Much was heard during the Libya uprising of how Colonel Gaddafi was hiring black mercenaries to fight against the rebels. Yet the 24 men sentenced to prison after being convicted of serving as mercenaries were all from Eastern Europe.
reported the convicted men comprise 19 Ukranians, two Russians and three Belarusians. The men were each sentenced to 10 years’ hard labor, with the exception of one Russian who received life imprisonment.
All 24 men denied the charges and stated they were employed in Libya's oil sector. The Ukrainian foreign ministry has stated it believes its nationals are innocent and will fight for their release. Both the ambassadors to Belarus and Ukraine were in court and said the men would appeal.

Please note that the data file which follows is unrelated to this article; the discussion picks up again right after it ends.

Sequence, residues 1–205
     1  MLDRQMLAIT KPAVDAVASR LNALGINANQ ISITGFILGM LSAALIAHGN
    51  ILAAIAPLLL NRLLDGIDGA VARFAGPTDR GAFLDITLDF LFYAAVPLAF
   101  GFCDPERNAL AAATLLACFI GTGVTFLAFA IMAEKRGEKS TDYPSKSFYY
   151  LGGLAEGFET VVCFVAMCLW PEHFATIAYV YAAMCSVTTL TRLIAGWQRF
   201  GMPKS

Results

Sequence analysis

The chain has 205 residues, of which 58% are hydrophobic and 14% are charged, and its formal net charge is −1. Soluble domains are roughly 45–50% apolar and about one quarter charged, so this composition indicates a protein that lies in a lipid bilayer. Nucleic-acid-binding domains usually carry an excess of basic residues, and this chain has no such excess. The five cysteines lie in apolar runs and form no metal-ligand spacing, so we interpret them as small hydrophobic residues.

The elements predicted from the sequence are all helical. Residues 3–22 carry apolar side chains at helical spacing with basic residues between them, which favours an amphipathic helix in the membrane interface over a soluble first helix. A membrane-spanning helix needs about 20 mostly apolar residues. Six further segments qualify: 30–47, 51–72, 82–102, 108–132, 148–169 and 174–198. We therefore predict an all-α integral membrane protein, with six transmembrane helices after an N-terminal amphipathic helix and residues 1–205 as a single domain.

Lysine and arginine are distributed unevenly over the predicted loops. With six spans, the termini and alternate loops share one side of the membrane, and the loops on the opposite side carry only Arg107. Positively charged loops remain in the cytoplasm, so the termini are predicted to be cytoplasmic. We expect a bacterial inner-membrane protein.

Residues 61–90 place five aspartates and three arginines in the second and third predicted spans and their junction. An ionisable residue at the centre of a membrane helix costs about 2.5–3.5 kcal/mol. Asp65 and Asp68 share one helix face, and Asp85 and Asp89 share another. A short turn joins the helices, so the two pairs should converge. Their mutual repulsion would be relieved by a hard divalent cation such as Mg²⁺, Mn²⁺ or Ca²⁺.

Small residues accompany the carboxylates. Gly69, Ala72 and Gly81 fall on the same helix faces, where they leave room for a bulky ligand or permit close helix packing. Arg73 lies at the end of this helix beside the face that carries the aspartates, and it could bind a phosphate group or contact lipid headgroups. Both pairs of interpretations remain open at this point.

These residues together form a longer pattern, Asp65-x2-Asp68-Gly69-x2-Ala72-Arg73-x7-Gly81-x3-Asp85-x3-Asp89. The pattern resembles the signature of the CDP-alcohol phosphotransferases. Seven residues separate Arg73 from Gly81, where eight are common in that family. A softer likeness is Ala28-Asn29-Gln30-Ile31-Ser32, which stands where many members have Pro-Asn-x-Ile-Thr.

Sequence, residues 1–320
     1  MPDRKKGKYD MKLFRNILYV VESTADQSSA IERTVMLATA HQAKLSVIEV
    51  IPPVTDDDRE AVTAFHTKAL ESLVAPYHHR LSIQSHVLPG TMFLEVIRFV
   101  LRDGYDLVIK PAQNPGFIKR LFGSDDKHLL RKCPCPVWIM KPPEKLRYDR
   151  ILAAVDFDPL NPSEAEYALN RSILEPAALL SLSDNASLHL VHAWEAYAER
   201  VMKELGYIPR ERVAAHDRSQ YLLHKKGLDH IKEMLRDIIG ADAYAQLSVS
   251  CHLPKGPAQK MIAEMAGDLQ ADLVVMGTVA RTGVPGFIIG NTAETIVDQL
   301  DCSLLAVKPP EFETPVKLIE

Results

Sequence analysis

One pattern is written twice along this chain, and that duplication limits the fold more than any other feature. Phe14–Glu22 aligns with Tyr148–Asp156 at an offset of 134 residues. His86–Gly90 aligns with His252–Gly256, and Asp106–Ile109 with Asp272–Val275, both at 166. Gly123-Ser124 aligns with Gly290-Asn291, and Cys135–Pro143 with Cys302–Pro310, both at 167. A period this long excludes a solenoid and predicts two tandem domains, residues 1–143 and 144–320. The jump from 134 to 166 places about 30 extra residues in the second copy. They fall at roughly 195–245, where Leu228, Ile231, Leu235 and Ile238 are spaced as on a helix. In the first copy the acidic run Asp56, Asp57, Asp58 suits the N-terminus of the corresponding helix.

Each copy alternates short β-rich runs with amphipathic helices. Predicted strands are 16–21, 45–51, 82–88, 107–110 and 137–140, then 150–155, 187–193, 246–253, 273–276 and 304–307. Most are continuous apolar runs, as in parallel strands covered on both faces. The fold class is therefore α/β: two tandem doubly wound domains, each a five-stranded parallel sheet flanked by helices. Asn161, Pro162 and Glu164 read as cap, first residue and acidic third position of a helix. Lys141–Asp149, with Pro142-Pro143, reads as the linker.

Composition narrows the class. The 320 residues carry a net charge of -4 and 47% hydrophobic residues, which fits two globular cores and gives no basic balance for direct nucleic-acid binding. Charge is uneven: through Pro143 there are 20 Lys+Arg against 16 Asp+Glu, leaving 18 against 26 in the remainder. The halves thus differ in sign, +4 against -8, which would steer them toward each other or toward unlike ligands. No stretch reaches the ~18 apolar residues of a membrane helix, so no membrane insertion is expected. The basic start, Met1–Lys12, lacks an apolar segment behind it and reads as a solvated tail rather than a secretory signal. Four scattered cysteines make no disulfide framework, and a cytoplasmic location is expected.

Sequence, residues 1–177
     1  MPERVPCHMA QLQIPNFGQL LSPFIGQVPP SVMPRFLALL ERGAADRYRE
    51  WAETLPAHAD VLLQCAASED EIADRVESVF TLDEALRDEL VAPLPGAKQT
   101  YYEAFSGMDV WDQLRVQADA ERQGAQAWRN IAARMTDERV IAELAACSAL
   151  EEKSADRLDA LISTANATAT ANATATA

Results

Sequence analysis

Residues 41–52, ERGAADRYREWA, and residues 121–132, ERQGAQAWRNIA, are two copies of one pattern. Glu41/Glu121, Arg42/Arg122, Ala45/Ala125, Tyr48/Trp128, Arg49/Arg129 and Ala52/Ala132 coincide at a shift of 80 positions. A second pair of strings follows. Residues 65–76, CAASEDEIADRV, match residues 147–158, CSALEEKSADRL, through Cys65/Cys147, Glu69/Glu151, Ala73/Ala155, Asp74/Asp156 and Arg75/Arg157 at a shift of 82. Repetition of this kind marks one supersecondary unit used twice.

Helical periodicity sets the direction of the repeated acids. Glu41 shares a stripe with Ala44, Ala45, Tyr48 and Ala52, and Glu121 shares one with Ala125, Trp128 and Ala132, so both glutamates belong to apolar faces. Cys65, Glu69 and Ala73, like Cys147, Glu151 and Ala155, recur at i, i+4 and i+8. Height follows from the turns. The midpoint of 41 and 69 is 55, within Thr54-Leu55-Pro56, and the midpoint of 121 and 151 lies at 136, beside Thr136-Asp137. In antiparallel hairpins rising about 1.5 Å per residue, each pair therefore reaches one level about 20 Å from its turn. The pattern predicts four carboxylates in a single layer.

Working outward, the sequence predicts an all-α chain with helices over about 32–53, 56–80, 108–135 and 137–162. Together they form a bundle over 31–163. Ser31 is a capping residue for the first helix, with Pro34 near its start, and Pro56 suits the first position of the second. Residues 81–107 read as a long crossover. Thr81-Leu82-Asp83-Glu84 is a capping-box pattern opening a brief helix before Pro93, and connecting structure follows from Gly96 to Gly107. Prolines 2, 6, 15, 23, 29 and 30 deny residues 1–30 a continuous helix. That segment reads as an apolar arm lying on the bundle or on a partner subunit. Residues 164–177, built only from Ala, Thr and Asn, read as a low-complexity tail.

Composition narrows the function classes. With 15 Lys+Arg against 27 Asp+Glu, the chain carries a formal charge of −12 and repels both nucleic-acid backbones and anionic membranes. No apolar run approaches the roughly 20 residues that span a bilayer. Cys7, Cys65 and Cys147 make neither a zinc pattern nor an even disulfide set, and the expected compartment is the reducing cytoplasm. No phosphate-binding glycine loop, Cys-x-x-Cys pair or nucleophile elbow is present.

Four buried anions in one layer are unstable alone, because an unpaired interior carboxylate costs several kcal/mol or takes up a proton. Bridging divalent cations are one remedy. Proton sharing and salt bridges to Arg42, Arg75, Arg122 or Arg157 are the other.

As Libyan authorities meted out their justice there is no justice for victims of rebel atrocities during the civil war. Libya recently passed the controversial new Law 38 which Human Rights Watch
reports stipulates there will be no penalty to “military, security, or civil actions dictated by the February 17 Revolution that were performed by revolutionaries with the goal of promoting or protecting the revolution.”
The Libyan Justice Organization
strongly condemns Law 38, saying it enshrines "the culture of impunity. Impunity for violations of human rights and war crimes resulting from a sense of revolutionary legitimacy is dangerous and perpetuates the culture that existed under the Gaddaﬁ regime."
Law 38 complements Law 37, otherwise known as the "glorification" law. Digital Journal
reported that under Law 37 anyone who praises the Gaddafi regime can be imprisoned for life, as can anyone who insults Islam. Law 37 also makes it also makes it a criminal offence to “harm the 17 February revolution."
It is becoming clear that justice in post-Gaddafi era Libya is only granted to those on the winning side.